Food experts examine benefits of olive oil, Med diet

By Lorraine Heller in Puglia

- Last updated on GMT

Related tags: Olive oil

Food professionals and culinary experts from around the world are
today gathering in the southern Italian region of Puglia for six
days of seminars, symposia and product tasting in an effort to
understand and promote the health benefits of the traditional
Mediterranean diet.

Organized by Boston-based think tank Oldways, the gathering marks the first step in a strategic program - called Olivita - that aims to encourage the consumption of extra virgin olive oil around the world.

"The Mediterranean diet is of course not new (…) We know it tracks back to the Phoenicians, the earliest expansive traders that carried olives and olive oil to the Mediterranean coastline,"​ said Oldways President Dun Gifford.

"In 2006, 2,800 years later, we know that the Mediterranean diet is as healthy an eating pattern as there is anywhere in the world. Fifty years of very high level science, basic and applied, repeatedly confirms this hypothesis,"​ he added.

Indeed, the Med diet, rich in cereals, fruits, legumes and whole grains, fish and olive oil, has been linked to longer life, less heart disease, and protection against some cancers. The diet's main nutritional components include beta-carotene, vitamin C, tocopherols, polyphenols, and essential minerals.

And although hundreds of studies conducted over several decades have investigated the health benefits of the Mediterranean diet, last year saw some breakthroughs in pinpointing why olive oil has a protective action against heart disease and cancer, making an even stronger case for consuming more olive oil.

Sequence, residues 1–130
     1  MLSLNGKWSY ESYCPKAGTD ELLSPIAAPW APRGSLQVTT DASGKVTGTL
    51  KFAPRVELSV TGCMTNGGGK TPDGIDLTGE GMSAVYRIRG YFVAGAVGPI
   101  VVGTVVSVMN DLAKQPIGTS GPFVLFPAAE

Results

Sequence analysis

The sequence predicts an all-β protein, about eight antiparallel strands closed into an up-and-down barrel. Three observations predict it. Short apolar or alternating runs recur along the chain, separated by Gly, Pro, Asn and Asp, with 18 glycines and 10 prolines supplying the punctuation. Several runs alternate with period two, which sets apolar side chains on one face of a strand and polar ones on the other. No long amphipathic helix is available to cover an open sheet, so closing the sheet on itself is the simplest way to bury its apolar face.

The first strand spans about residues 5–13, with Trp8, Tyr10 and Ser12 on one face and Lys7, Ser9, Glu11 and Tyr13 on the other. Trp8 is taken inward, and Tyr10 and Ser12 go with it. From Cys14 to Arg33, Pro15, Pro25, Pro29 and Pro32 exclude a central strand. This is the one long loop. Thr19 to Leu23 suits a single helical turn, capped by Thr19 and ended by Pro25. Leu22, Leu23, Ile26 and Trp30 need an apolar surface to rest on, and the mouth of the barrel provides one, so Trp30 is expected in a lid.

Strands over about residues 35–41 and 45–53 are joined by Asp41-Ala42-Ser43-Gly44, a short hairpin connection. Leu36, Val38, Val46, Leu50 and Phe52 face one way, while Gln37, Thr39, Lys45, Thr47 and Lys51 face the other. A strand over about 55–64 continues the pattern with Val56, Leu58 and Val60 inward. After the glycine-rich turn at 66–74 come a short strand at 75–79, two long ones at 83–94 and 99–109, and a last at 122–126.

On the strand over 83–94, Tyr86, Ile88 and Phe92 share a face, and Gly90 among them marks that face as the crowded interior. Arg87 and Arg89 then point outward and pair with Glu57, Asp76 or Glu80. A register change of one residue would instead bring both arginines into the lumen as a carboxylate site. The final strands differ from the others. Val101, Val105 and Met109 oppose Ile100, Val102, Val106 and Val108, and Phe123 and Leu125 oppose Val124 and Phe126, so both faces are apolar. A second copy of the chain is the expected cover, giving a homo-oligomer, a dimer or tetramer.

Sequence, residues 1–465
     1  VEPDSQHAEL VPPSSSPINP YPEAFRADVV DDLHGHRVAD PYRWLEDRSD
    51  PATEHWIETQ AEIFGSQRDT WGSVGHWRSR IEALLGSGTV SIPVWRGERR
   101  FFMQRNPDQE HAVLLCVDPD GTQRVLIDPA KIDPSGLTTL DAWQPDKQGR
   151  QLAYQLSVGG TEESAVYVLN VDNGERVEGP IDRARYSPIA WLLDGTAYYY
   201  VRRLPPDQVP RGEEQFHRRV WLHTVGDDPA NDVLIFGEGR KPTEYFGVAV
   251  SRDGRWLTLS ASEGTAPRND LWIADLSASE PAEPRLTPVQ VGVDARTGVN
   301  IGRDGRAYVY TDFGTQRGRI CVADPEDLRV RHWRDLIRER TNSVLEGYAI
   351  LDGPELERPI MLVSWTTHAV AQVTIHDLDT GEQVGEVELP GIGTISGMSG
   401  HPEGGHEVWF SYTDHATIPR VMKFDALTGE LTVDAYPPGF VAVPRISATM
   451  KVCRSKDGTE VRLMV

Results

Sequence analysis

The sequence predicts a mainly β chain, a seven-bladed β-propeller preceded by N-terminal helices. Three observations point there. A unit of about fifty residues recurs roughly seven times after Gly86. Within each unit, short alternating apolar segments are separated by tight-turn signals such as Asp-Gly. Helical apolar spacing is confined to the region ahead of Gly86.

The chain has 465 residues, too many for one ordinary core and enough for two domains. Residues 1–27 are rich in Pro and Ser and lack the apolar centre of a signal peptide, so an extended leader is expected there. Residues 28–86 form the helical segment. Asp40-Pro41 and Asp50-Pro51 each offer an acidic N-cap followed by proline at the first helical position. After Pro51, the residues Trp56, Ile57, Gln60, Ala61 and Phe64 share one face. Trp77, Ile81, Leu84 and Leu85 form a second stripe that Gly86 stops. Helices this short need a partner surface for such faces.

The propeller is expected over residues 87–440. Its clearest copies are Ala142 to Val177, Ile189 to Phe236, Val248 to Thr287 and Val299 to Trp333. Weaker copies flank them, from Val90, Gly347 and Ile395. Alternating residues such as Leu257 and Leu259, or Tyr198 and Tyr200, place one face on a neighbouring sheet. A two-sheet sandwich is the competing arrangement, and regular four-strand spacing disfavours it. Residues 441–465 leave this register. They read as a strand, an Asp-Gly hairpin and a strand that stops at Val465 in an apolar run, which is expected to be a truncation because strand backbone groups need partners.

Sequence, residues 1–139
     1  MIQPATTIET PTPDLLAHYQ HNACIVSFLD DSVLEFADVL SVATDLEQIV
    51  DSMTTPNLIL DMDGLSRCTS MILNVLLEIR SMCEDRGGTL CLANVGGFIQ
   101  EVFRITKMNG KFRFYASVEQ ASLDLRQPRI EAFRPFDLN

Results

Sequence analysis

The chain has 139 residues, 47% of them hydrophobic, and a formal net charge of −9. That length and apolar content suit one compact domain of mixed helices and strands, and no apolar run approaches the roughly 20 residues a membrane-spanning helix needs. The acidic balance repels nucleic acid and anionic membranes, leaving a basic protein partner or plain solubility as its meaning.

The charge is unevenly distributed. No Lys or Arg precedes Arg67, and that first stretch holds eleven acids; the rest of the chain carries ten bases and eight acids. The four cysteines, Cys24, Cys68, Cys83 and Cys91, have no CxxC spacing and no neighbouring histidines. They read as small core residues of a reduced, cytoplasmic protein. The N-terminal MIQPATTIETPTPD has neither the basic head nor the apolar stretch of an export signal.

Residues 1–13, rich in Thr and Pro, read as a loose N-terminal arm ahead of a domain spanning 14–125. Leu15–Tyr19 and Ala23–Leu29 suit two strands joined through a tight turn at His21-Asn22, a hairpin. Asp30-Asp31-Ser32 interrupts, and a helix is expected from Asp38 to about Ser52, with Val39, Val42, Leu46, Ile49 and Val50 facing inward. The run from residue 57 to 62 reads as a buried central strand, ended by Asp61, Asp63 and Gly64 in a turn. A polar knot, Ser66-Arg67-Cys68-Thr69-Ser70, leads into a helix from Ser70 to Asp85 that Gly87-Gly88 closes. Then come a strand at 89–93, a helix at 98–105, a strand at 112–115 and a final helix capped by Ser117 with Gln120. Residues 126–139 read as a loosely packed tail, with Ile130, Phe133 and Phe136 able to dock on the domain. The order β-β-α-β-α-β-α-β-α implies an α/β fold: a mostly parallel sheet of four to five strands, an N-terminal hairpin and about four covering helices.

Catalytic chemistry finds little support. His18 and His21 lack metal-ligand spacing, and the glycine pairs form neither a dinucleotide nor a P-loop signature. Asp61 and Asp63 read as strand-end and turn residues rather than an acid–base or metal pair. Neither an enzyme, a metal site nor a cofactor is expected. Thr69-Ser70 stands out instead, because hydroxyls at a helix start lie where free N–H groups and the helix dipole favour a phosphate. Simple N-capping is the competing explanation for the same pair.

In 2004, the Food and Drug Administration (FDA) approved a health claim for olive oil, for its potential to reduce coronary heart disease.

Just a few months ago, a new study from Greece again reinforced the health link, revealing that the diet could help people with established heart problems. Another Greek study published in June said that people who eat a traditional Mediterranean diet are 60 per cent less likely to be obese. And just this month, a multi-ethnic study from the US suggested that greater adherence to a Mediterranean-style diet could cut the risk of Alzheimer's disease by a whopping 68 per cent.

According to a report published in recent months by Packaged Facts, demand for olive oil in the US has soared on the back of these health claims. In 2004 alone, consumption of olive oil was up 16 percent from 2001, when Americans consumed 212,102 metric tons.

Entitled Olive Oil in the US​, the report revealed that the nation's olive oil market, which grew at a rate of around 8 percent per year between 2001 and 2005, is expected to reach $968 million in 2006. This compares to a market size of $894 million in 2005. And by 2010 it is forecast to surpass $1.3bn.

The ongoing Olivita event in Puglia has brought together scientists, importers, retailers, chefs and opinion leaders for an intense program designed to examine the benefits of olive oil and the Med diet, within a region that is home to some of the earth's oldest olive trees.

Seminars will include an examination of the latest research surrounding the diet type, the factors influencing consumer choice of olive oil and ways to clearly convey health messages and avoid consumer confusion, as well as the development and consumer reaction to healthy fast foods.

FoodNavigator-USA.com will be reporting from Puglia.

Related topics: Fats & oils

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